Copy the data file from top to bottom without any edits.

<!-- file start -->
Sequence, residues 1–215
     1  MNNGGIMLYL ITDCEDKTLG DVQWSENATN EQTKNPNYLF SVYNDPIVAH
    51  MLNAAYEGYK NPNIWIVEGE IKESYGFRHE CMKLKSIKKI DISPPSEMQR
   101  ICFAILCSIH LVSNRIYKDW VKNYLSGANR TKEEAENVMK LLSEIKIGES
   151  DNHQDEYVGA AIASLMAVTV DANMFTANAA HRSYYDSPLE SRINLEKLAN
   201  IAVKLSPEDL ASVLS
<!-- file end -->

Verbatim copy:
Sequence, residues 1–215
     1  MNNGGIMLYL ITDCEDKTLG DVQWSENATN EQTKNPNYLF SVYNDPIVAH
    51  MLNAAYEGYK NPNIWIVEGE IKESYGFRHE CMKLKSIKKI DISPPSEMQR
   101  ICFAILCSIH LVSNRIYKDW VKNYLSGANR TKEEAENVMK LLSEIKIGES
   151  DNHQDEYVGA AIASLMAVTV DANMFTANAA HRSYYDSPLE SRINLEKLAN
   201  IAVKLSPEDL ASVLS